In Chernigiv, which is already encircled, Mayor Vladislav Atroshenko said Sunday that dozens of civilians had been killed after shelling hit a hospital.
Humanitarian conditions continued to deteriorate in the mostly Russian-speaking south and east, where Russian forces have been pressing their advance, as well as in the north around Kyiv.
Aid agencies are struggling to reach people trapped in besieged cities, where the UN says the situation is “dire.”
Around 10 million Ukrainians have fled their homes, roughly one-third going abroad, the UN refugee agency said.
They are fleeing fighting that, according to Zelensky, has left around 14,000 Russian servicemen dead, a number that “will only continue to rise.” Western estimates of Russian casualties are far lower — around 7,000 fatalities as of Friday.
Russia has not provided a death toll since early March, when it said nearly 500 servicemen had been killed. Ukrainian officials said on March 12 that some 1,300 Ukrainian troops had died.
Ukraine has not been providing a civilian toll, except for children, saying at least 115 have now perished.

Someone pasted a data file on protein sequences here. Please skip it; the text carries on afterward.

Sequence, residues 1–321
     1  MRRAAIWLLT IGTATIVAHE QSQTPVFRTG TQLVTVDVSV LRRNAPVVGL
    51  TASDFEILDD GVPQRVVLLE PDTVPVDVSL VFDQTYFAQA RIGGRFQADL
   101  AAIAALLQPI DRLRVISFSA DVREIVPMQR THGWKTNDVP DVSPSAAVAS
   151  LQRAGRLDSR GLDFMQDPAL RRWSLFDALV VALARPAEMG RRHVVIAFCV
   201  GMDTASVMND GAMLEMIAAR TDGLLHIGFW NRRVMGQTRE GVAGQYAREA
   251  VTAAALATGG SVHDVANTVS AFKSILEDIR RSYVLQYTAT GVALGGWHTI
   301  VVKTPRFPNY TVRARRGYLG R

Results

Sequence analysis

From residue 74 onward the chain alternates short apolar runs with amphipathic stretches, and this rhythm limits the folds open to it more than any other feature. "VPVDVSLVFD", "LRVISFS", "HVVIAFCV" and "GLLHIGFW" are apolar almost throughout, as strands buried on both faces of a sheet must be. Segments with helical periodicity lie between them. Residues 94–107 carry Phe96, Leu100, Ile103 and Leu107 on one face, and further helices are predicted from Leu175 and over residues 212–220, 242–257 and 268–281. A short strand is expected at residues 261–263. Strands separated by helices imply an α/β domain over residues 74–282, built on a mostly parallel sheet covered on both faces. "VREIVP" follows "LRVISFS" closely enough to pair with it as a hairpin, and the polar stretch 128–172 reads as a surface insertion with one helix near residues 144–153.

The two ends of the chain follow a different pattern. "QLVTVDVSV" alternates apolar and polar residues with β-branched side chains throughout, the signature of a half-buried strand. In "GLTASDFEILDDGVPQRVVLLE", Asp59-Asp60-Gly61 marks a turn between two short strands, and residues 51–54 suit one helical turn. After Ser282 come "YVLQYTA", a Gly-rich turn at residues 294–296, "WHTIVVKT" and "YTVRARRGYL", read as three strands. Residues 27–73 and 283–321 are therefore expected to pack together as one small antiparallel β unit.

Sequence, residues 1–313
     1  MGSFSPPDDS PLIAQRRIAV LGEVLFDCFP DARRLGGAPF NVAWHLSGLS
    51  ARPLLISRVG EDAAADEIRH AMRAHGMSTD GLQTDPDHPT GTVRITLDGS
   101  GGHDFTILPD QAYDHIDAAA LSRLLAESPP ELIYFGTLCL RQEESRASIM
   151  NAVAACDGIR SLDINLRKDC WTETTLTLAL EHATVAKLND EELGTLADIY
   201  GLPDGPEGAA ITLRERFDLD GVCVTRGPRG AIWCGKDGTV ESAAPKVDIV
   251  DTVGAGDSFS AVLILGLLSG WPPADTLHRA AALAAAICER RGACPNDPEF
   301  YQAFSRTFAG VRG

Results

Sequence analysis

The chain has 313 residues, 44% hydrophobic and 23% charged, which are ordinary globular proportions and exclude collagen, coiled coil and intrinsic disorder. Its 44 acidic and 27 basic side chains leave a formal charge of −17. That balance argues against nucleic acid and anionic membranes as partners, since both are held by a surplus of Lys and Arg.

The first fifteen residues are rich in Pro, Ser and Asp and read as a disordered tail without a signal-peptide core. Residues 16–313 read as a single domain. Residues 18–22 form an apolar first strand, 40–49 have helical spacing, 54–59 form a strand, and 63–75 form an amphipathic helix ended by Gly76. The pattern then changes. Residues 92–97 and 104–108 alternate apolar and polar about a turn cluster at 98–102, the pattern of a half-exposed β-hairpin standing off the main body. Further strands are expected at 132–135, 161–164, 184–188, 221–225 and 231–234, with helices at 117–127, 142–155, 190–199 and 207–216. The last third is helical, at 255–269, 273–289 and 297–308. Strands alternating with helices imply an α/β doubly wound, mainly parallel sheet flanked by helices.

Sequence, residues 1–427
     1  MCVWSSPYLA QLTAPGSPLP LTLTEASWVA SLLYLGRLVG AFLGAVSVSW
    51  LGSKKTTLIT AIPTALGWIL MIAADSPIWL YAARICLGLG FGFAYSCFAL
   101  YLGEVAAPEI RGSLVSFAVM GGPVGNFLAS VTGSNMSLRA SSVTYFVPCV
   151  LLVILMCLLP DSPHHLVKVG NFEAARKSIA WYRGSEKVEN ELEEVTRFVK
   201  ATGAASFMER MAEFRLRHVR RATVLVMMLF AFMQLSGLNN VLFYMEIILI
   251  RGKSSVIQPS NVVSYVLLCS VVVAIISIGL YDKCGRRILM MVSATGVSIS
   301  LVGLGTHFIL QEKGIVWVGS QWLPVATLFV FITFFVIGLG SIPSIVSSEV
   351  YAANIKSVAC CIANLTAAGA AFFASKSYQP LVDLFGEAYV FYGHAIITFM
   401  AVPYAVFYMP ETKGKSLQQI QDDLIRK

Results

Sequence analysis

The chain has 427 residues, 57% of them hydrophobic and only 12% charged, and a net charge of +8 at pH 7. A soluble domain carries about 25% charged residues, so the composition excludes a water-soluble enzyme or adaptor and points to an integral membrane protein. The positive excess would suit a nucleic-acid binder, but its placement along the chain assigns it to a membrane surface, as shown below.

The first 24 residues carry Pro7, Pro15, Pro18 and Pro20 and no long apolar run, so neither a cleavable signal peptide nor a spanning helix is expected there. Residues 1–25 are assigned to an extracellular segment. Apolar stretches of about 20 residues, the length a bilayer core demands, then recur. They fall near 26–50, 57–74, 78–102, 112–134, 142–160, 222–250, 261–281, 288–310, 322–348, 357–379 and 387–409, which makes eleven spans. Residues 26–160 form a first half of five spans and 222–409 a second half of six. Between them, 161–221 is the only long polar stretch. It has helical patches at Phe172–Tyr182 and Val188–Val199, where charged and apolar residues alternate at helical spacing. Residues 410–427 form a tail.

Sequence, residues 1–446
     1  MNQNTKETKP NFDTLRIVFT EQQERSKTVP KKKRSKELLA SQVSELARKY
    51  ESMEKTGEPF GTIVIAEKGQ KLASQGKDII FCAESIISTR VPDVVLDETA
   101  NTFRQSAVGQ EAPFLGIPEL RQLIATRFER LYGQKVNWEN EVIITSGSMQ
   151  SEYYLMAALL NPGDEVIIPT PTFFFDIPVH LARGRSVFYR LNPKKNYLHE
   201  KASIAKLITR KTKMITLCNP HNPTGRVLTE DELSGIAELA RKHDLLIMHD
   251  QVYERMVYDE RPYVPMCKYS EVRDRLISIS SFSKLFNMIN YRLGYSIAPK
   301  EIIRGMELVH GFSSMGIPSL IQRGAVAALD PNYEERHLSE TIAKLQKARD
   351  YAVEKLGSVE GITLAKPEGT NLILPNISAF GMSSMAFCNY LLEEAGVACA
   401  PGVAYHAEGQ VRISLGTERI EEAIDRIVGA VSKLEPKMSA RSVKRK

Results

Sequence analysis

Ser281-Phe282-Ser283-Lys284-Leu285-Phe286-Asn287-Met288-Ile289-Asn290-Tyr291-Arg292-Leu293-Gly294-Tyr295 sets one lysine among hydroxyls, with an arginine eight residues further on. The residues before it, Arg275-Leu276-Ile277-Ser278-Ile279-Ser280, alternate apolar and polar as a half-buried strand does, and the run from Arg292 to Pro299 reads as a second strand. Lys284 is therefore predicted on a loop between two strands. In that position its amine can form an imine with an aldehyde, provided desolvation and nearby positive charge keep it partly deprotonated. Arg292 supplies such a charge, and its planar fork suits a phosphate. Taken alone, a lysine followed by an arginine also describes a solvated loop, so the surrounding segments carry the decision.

As the body count climbed, Turkey, which has strong ties to both Russia and Ukraine, said the parties were making progress in talks.
Presidential spokesman Ibrahim Kalin told Turkish media the sides were negotiating Ukraine’s neutrality, disarmament and security guarantees, so-called “de-Nazification,” the status of the Russian language, the breakaway Donbas region and annexed Crimea.
Turkey has also said it is ready to host a meeting between Zelensky and Putin.
But the Ukrainian leader appeared to draw some red lines.
“You cannot just demand from Ukraine to recognize some territories as independent republics,” he told CNN. “We have to come up with a model where Ukraine will not lose its sovereignty.”
Russia’s ally China has walked a cautious line, calling for peace talks but refraining from denouncing Moscow.
China’s ambassador to the US on Sunday denied that his country was sending weapons to Russia for the war, days after US President Joe Biden warned Beijing not to do so.
“What China is doing is sending food, medicine, sleeping bags and baby formula, not weapons and ammunition,” Ambassador Qin Gang told CBS, while making no promises about the future.
Lasting economic effects
Russia’s war has sparked an unprecedented wave of Western sanctions against Putin, his entourage and Russian companies.
France said Sunday it had seized 850 million euros ($920 million) of Russian oligarchs’ assets on its soil.
The war has sparked turmoil for an already vulnerable world economy. Russia is a major exporter of oil, gas and commodities, while Ukraine is a major supplier of wheat.
Commodity prices have rocketed, further fueling high inflation, the chief economist with the European Bank for Reconstruction and Development told AFP.
“Even if the war stopped today, the consequences of this conflict would be felt for months to come,” Beata Javorcik said.